January 25, 2016 by Kenneth Fisher
I’m a big fan of automation. You get it written, tested, and scheduled, then you just sit back and monitor for unexpected problems (because if they are expected you fixed them right?). One common place for us SQL people to do our automation is SQL Agent. It’s built into SQL Server and while not the best job scheduling system I’ve ever seen it’s not bad at all.
One of the nice things about it, that to me is highly under-rated and under-utilized is the re-use of schedules. If you are automating something you create your job, test it carefully and then it’s time to schedule it.
We’ve just started with a new system so we start by selecting New. That brings up the New Job Schedule window where we can set up our first schedule.
As it happens for our first job we want it to run every weekday at 4am.
Over time we collect more and more schedules (and as it happens we start with a handful of schedules). At this point if we want to select an existing schedule for our job we can hit Pick. But if we just want to look them over without going through a job we can open up the Manage Schedules window.
From here we can see the list of schedules available to us. We can easily add new ones, delete, disable/enable or edit existing ones and even view/edit the list of jobs associated with a given schedule.
What you may have figured out by all this is that schedules and jobs are independent.
So you can:
- Re-use a single schedule for multiple jobs.
Be somewhat careful here. If you have a bunch of jobs starting at the same time you could overload your system.
- Use multiple schedules for a single job.
This will let you create very complex schedules.
Because you can re-use the schedules you want to be careful naming them. I’ve seen far to many schedules named Schedule 1 or Job Name Schedule. The first is non-descriptive and the second too specific (it would look silly as the schedule for another job with a different name). Give your schedules names like Every Weekday at 4AM or The third of the month at 6AM. This way when you go to pick the right schedule you know which one is which.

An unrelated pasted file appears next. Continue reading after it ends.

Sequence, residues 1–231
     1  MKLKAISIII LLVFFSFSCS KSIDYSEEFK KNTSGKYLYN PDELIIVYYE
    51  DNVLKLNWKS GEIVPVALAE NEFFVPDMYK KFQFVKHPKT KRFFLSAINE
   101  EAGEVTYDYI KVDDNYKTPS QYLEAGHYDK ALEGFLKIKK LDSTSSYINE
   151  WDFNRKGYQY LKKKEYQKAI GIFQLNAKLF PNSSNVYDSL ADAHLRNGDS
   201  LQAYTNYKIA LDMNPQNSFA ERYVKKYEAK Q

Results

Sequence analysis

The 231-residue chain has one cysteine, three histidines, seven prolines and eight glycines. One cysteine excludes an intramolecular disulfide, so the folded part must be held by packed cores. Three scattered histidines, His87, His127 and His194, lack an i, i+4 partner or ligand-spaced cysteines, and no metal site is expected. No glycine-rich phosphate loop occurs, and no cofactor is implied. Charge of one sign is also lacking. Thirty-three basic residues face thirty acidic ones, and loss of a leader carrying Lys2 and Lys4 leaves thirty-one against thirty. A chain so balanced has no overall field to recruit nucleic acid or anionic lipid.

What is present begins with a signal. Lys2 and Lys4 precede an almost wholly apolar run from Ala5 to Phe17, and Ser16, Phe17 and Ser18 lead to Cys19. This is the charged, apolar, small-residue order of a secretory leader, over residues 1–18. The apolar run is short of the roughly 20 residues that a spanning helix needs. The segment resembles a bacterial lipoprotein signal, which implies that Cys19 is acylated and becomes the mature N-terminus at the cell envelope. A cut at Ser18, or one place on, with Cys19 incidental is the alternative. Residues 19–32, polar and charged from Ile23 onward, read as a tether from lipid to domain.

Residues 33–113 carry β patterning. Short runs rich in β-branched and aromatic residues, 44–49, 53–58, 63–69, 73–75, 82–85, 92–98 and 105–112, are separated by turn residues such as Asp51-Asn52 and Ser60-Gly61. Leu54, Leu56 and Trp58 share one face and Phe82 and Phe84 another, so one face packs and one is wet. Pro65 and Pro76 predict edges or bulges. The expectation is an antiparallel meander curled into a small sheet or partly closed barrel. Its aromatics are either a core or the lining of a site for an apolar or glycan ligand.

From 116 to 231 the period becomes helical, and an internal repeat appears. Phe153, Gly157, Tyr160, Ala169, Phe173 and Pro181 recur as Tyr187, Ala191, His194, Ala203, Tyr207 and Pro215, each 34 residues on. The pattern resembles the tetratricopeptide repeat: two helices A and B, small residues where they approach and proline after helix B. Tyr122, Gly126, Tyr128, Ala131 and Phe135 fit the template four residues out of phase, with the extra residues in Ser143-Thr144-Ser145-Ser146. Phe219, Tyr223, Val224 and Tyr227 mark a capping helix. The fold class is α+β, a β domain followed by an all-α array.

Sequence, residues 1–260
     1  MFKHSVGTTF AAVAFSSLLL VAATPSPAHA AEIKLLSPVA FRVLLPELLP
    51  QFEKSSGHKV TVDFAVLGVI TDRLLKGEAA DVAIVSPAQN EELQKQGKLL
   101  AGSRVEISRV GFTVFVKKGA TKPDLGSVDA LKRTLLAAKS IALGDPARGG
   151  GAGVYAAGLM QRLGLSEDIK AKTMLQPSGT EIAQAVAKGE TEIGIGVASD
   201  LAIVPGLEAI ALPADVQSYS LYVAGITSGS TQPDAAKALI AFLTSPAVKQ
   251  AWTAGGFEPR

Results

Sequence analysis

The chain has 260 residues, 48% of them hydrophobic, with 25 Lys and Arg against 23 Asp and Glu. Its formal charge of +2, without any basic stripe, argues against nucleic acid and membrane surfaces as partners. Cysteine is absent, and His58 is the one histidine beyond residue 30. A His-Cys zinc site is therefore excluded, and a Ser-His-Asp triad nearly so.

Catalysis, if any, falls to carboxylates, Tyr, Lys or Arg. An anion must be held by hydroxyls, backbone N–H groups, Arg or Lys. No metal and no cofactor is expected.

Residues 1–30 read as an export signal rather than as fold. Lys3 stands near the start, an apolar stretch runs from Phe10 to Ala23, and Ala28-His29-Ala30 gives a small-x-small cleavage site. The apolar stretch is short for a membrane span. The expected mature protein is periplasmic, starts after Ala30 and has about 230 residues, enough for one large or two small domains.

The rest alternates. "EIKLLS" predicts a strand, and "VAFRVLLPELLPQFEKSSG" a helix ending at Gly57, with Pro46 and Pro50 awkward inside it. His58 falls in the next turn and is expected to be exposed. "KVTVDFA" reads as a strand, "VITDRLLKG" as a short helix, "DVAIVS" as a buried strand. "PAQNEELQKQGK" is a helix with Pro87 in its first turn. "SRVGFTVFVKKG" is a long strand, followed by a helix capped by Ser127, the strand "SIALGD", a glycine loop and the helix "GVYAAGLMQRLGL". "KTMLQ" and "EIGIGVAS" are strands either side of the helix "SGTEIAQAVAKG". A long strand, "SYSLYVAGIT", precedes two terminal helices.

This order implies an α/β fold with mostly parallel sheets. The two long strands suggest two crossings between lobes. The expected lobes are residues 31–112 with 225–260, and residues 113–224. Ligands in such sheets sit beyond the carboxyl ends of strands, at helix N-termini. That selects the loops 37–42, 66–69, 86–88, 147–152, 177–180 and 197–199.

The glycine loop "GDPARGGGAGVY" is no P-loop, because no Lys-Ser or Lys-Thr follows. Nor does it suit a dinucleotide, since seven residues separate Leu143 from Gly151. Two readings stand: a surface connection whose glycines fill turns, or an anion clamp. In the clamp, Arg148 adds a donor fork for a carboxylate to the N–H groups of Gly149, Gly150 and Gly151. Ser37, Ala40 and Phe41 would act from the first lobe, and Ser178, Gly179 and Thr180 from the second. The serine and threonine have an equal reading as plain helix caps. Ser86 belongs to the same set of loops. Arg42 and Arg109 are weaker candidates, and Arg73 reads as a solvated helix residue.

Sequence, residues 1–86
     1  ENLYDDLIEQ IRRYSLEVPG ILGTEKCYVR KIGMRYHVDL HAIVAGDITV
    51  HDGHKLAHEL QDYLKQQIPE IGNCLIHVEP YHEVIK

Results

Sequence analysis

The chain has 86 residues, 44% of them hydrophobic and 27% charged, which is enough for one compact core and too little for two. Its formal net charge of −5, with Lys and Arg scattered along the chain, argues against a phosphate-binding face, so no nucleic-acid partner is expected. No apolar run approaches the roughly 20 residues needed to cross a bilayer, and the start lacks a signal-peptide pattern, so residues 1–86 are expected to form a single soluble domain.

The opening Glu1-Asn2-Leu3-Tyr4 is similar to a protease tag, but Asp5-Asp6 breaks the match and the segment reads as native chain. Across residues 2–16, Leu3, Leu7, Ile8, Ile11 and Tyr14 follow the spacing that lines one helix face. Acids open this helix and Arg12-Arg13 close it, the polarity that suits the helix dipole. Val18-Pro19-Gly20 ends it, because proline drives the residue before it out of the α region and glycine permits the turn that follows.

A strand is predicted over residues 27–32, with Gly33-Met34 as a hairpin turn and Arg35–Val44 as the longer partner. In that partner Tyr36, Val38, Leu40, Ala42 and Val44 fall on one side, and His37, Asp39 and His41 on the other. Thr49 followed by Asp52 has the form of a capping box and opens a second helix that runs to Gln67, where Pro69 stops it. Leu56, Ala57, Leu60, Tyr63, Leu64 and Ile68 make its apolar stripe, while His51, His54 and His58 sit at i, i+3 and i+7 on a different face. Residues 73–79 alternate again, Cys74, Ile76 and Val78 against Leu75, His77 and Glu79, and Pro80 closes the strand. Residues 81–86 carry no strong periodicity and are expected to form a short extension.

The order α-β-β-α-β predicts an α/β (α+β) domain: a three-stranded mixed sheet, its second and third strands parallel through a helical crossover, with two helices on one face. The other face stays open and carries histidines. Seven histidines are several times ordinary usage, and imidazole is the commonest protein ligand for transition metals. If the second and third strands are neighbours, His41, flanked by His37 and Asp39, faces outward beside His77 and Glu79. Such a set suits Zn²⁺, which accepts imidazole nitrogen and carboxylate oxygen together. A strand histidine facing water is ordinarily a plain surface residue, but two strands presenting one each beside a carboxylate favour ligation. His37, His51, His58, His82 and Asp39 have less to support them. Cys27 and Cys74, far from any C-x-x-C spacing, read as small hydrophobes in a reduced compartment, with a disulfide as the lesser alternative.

Remember earlier when I said agent isn’t the best scheduling system I’ve seen? There is one major thing that schedules can’t do which I’ll admit is a bit of a pain. There is no way to create a holiday schedule. So you can’t say Every weekday except on major holidays. Usually this is a fairly minor problem though and there are workarounds (using code in the job).
NOTE: I’ve had a couple of friends (Robert Davis (b/t) and Nic Cain (b/t)) point out that it’s very easy to have problems with shared schedules. Specifically someone could go in and change a schedule for one job and wind up changing the timing on a bunch of jobs. Or someone could end up deleting a schedule and all of a sudden none of those jobs are running anymore. Now I haven’t had this problem personally but these guys really know what they are talking about. So if you decide to use shared schedules make sure you have strict processes in place about how those schedules are managed.